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Stories of the Dead a celebration of life and beyond
Last Sunday night the Arts Centre was the venue for a truly Melbourne event. The Wheeler Centre's gala opening of its literary year turned Hamer Hall into a hub for books, writing and ideas: a fitting reminder of this town's status as a City of Literature.
On a beautiful late summer's afternoon, a steady stream of logophiles trooped into the darkness of Hamer Hall to hear twelve people talk, play and sing their way through their own story for the dead. The urbane Michael Williams of the Wheeler Centre kicked off with a quote by William Faulkner: 'The past is never dead. It's not even past.' He shared his own story of his grandparents: 'Every time I fall short as a human being, I think about my grandparents,' a sentiment to which many of us can relate.
As part of Asia TOPA, the gala brought together artists from across the region, starting with Japanese lute player Kakushin Nishahara, whose haunting tremolo voice and fan-shaped plectrum made for the kind of sounds that both jar and intrigue listeners new to the Satsuma biwa (lute). Eddie Ayres read a fan letter to Beethoven ('May I say you're a f*****g genius? The opening of your ninth symphony is only four notes and three of them are the same') that compared classical music to the silence after a bomb. Ayre's time in Kabul was the basis for what was a far-reaching and thought-provoking take on life and death in a war zone. Eko Supriyanto, Deborah Cheetham, Pichet Klunchun, Candy Bowers, Ramona Koval, Myf Warhurst, Clementine Ford and David Astle followed, each with their own version of what death means to them. Special mention goes to Astle for managing to make us laugh and cry within the space of ten minutes, not once but multiple times.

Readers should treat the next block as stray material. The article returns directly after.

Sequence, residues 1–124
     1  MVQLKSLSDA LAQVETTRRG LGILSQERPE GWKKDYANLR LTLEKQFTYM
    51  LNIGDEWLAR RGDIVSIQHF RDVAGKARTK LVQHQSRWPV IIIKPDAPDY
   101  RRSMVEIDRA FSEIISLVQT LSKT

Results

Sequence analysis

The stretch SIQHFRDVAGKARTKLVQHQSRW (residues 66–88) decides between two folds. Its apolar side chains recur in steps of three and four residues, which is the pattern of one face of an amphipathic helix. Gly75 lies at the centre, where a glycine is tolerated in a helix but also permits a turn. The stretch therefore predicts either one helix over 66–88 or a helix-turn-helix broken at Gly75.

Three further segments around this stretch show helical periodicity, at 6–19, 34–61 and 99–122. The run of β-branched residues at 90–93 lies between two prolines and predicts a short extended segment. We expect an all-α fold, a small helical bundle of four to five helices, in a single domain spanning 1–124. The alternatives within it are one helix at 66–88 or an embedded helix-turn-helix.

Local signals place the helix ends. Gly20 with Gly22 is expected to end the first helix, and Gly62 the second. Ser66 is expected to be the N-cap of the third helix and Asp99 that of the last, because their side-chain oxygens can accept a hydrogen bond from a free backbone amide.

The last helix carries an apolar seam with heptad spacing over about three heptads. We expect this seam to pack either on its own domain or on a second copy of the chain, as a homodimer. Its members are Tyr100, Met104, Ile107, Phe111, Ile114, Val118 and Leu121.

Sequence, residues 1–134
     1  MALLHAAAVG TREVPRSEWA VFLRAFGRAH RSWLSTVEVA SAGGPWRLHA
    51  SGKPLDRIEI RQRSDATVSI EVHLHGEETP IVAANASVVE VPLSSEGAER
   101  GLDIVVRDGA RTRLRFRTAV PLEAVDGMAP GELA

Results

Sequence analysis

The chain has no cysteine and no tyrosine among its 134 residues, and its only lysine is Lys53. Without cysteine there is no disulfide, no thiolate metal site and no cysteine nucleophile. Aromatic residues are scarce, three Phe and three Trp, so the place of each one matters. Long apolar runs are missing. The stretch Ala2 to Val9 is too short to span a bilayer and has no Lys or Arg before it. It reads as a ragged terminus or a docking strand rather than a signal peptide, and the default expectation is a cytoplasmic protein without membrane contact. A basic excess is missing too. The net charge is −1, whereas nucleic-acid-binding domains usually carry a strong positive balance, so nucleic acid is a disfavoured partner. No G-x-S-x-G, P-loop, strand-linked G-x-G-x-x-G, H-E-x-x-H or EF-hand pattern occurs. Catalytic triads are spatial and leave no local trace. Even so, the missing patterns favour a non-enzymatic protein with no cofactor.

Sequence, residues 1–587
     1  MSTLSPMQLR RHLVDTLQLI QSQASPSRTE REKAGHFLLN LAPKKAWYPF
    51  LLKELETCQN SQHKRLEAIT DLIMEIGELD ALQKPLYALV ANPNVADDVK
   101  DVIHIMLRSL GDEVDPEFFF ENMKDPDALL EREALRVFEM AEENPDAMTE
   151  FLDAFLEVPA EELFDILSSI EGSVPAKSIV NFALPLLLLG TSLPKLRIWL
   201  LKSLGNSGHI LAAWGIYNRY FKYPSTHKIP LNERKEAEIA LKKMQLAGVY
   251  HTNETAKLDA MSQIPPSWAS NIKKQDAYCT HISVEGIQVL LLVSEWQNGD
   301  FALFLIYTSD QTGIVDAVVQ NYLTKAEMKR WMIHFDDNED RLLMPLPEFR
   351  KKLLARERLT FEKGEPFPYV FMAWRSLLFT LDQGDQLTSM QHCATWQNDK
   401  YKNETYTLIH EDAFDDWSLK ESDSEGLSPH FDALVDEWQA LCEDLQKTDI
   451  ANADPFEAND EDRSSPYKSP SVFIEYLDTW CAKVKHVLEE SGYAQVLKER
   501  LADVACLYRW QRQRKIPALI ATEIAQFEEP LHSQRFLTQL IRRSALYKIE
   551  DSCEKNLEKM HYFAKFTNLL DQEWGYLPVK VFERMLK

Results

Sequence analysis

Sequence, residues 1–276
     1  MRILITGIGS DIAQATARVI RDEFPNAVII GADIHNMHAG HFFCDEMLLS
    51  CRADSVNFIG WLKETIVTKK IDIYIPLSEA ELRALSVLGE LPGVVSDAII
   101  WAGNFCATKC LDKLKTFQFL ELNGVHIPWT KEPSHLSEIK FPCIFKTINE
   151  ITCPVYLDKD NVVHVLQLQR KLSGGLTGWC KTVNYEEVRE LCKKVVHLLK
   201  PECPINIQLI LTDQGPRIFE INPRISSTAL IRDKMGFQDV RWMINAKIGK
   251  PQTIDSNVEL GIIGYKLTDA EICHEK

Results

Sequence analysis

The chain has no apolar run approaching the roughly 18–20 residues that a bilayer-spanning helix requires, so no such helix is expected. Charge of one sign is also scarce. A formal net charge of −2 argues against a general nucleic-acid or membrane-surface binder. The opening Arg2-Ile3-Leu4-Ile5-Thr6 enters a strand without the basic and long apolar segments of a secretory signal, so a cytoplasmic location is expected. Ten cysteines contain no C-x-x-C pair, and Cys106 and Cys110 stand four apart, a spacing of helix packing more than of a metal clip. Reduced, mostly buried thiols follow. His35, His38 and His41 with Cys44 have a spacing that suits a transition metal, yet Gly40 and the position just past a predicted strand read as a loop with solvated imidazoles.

The evening finished half an hour overtime with first-time mother Amanda Palmer at the piano: 'There's nothing like a baby to make you focus on death.' Her wry song 'At least the baby didn't die' touched a chord but may have distressed some in the audience who hadn't been as fortunate as Palmer. That quibble aside, the evening was yet another example of the Wheeler Centre's happy knack of providing opportunities for members of the writing community to gather together and celebrate all things literary.